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Online exhibits : Geologic time scale : Cenozoic Era : Pleistocene Epoch
The La Brea Tar Pits, Los Angeles
When the photograph below was taken, the location depicted was described as "the Salt Creek oilfields, 7 miles west of Los Angeles." Today, this spot is in the middle of downtown Los Angeles, eloquent testimony to urban sprawl, but the pools and deposits of asphalt still remain. For these are the La Brea tar pits, containing one of the richest, best preserved, and best studied assemblages of Pleistocene vertebrates, including at least 59 species of mammal and over 135 species of bird. The tar pit fossils bear eloquent witness to life in southern California from 40,000 to 8,000 years ago; aside from vertebrates, they include plants, mollusks, and insects over 660 species of organisms in all.
Tar pits form when crude oil seeps to the surface through fissures in the Earth's crust; the light fraction of the oil evaporates, leaving behind the heavy tar, or asphalt, in sticky pools. Tar from the La Brea tar pits was used for thousands of years by local native Americans, as a glue and as waterproof caulking for baskets and canoes. After the arrival of Westerners, the tar from these pits was mined and used for roofing by the inhabitants of the nearby town of Pueblo de Nuestra Señora la Reina de Los Angeles.
The bones occasionally found in the tar were first thought to be those of unlucky cattle. It was not until 1901 that the first scientific excavation of the pits were carried out. Scientists from the University of California at Berkeley, notably Professor John C. Merriam and his students, were among the first researchers to work on the La Brea fossils. Today, the George C. Page Museum of La Brea Discoveries, right next door to the tar pits themselves, displays huge numbers of La Brea fossils. The Page Museum is part of the Natural History Museum of Los Angeles County.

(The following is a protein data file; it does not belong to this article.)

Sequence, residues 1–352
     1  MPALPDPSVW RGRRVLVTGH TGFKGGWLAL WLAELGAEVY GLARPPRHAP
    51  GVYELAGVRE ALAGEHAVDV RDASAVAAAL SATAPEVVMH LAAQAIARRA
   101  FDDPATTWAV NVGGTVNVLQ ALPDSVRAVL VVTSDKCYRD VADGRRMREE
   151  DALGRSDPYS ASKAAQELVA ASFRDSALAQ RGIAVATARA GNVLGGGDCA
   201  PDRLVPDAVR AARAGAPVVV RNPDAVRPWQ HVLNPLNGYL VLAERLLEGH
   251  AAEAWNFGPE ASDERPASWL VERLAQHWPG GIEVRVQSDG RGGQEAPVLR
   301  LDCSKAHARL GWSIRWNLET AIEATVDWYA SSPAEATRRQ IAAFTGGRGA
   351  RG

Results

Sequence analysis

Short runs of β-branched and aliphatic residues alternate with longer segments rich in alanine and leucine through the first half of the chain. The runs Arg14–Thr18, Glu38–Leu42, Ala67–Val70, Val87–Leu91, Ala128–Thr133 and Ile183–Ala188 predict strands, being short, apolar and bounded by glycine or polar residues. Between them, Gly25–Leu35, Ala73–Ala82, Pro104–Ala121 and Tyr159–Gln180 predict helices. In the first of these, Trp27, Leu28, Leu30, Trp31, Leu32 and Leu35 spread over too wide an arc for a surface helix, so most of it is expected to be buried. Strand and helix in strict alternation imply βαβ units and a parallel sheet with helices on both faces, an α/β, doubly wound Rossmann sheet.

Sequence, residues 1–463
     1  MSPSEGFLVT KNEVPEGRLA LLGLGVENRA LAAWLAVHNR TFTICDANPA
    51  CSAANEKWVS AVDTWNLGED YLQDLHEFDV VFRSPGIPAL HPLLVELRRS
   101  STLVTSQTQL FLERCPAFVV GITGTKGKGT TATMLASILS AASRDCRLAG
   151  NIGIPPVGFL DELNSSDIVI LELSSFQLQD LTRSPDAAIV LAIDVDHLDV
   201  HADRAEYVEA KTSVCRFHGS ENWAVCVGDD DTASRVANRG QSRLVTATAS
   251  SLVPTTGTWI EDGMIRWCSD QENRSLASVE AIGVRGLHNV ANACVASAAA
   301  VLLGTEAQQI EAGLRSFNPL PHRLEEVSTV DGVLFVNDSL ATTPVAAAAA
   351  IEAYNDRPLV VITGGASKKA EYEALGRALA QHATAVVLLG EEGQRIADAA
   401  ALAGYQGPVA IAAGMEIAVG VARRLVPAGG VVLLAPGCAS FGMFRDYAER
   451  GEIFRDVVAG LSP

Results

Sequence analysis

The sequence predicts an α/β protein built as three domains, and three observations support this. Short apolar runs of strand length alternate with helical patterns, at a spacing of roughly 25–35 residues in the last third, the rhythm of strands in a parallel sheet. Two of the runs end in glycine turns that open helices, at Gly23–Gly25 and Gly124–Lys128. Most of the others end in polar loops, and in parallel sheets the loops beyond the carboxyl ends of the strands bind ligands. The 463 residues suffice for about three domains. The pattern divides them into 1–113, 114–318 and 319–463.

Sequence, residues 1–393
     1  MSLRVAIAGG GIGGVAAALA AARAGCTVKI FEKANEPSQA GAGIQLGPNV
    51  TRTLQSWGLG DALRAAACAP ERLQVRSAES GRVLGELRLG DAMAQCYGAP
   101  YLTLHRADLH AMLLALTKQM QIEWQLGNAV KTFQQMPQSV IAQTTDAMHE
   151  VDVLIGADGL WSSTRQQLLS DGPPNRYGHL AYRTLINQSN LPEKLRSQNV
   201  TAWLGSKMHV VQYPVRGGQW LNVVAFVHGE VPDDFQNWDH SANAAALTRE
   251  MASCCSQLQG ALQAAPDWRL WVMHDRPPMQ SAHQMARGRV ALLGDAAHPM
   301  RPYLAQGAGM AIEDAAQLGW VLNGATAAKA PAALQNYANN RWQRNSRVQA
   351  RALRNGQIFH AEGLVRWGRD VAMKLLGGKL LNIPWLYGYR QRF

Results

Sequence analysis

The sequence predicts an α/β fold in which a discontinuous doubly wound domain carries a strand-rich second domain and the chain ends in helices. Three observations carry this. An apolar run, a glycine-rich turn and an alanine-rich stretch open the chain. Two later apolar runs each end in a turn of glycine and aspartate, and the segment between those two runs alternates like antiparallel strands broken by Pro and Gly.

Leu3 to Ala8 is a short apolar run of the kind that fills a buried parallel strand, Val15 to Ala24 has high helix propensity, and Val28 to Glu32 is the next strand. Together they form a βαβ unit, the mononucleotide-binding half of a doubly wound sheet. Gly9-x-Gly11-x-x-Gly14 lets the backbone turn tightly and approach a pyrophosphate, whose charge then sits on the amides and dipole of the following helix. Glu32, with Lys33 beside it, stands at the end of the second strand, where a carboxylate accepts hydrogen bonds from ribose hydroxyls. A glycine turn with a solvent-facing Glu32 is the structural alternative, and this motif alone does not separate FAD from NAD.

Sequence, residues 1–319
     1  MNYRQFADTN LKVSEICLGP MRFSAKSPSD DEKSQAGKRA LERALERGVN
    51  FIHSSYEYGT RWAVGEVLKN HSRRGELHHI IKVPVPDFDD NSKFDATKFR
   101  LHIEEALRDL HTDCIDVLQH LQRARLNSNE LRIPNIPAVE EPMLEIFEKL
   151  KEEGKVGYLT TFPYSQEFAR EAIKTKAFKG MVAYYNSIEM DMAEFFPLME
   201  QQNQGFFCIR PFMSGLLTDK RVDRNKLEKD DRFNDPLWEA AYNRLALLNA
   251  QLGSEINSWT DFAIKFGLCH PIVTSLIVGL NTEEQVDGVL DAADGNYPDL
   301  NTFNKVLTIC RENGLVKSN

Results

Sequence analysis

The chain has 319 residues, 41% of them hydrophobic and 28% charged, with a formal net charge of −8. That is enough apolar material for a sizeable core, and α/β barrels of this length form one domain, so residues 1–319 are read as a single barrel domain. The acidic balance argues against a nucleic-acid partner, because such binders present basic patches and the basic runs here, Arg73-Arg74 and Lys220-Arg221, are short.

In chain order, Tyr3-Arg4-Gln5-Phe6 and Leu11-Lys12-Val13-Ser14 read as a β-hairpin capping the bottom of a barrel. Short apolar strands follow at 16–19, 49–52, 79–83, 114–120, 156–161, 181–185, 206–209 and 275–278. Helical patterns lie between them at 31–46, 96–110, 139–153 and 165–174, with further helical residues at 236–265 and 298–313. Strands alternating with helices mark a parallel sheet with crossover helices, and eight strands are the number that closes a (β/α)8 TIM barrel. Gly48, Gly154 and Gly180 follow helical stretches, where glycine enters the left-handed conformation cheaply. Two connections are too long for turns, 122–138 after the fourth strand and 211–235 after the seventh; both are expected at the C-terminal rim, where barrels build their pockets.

Life in Los Angeles was somewhat cooler and moister 40,000 years ago than it is today, as we can tell by examining the plant fossils from La Brea. Many of the plants and animals found in La Brea are identical or almost identical with species that still live in the area or that would be living in the area had Los Angeles not gotten in the way. Yet a number of the large animal species found at La Brea are no longer found in North America: native horses, camels, mammoths and mastodons, longhorned bison, and saber-toothed cats.
In today's ecosystems herbivores are much more abundant than carnivores. It is therefore curious that at La Brea about 90% of the mammal fossils found represent carnivores. Most of the bird fossils are also predators or scavengers, including vultures, condors, eagles, and giant, extinct, storklike birds known as teratorns. Why is this the case? If a pack of carnivorous mammals were to chase a lone prey animal into the tar pits, both predators and prey would become trapped. This would not have to be a frequent occurrence an average of one major entrapment every ten years, over a period of 30,000 years, would be sufficient to account for the number of fossils found at La Brea. Scavenging animals, drawn to feed on trapped animals, would have a chance of getting trapped themselves. This would explain the preponderance of carnivores and scavengers.
Pictured below are the skulls of a couple carnivores from the La Brea tar pits, housed in the University of California Museum of Paleontology collections.
Ben M. Waggoner created this page 1/9/1996; Dave Smith adapted it to the new site format, added new photos, and made minor edits, 7/28/2011; photo of locality with oil derricks from Memoirs of the University of California, vol. 1, no. 2, pp. 197-213, November 9, 1911; other La Brea photos from the UCMP archives; Smilodon photos by Dave Smith; Canis lupus photographer unknown
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